The Union for Reform Judaism (2011) has noted that convicted African Americans have to serve for longer terms than their white counterparts. Equally, African Americans convicted of drug-related offenses have high chances of being sentenced to prison. Moreover, there is the disproportionate incarceration of minorities contributed by the disparity in how the users of powder and crack cocaine are treated. However, it is disputed by Banks (2009) who argues that in the aggregate, fewer blacks are convicted in comparison to the whites. After reviewing numerous studies conducted for the National Academy of Sciences, the researcher has reached a conclusion that sentencing disposition was largely affected by prior records of crimes and not a race. He has emphasized that whenever sentencing is based on past criminal records, it is possible to completely eliminate the direct racial disparity. He has seen the disparity in sentencing as arising from the fact that the minorities are disproportionately represented in the officially processed criminal conduct. In turn, the effect of this was evident in more serious or longer prior criminal records. However, they also seemed to agree that cumulatively race can affect sentencing by its operations through additional factors. They put the minority people in a disadvantaged position. Such factors included initial arrests (Streib, 2007).
Role of Race in Juvenile Justice
Another area in which the racial discrimination has been evidenced in the juvenile justice. The Union for Reform Judaism (2011) observes that it has been evident even despite legislations, which have been passed to help in quitting the discrimination in juvenile confinement. Most of juveniles confined are those who are the minority groups. The study conducted between 2001 and 1011 had showed that youths belonging to the African-American groups, between the age of 10 and 17, were 2 times more likely to suffer arrest and 7 times more likely to suffer detention compared to the Caucasian youths. It was because the rate at which African-American juveniles were confined for any given offense was relatively high compared to that of their white counterparts. The latter ones were convicted of the same crimes. Equally, there was the discrimination in the rate at which African-Americans were referred to the criminal courts meant for adult people. It means that they were treated as adults for both sentencing and trial purposes. Law enforcers are never required by the law to utilize numerical quotas or arrest or release based on race any juvenile who has been put under custody. Thus, there is a need to analyze any case of the disproportionate minority confinement whenever it has been found to exist.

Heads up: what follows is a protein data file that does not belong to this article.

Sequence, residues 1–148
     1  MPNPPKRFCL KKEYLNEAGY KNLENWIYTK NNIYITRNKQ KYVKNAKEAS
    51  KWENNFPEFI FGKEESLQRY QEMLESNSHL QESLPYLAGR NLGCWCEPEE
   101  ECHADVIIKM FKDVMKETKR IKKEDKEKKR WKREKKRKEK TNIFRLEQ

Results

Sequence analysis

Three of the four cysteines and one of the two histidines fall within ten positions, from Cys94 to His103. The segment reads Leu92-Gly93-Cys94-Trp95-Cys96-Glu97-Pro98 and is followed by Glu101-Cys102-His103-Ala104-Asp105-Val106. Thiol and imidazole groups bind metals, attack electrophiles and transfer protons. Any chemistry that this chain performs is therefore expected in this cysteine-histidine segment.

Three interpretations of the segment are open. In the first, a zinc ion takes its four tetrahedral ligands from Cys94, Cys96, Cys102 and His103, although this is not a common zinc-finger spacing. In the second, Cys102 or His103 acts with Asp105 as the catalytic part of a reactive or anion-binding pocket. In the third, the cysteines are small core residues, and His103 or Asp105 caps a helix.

Racial Discrimination in a Normal Encounter between the Police and Citizens
Racial discrimination is also exhibited whenever policemen encounter citizens and in the way in which arrest-related decisions are made. The study conducted by Whisner (2013) shows that there is a possibility of a decision by the police to make arrests as influenced by the racial origins of the people they serve. The studies have shown that a neighborhood context can influence whether or not the police will decide to carry out an arrest or utilize force. In most cases, the minority and racially mixed neighborhoods face more arrests, the use of force, and threats from policemen. Equally, interactions in which black suspects and black officers are involved are more likely to lead to an arrest compared to that between white suspects and black officers.
In terms of the relative number of blacks who get involved in the criminal suspects’ shooting by the police, there has been a high probability of the police shooting blacks than whites. However, it has been because the blacks are normally disproportionately involved in such armed incidences as those involving shooting. However, the finding in Memphis was in contrast with these findings. It has showed that these were the whites more likely to take part in armed incidents. Irrespectively of this, more blacks were being disproportionately shot by the police as they attempted to flee away. Fyfe has concluded that the use of the deadly force by the Memphis police was largely depended on the suspect’s race (Banks, 2004).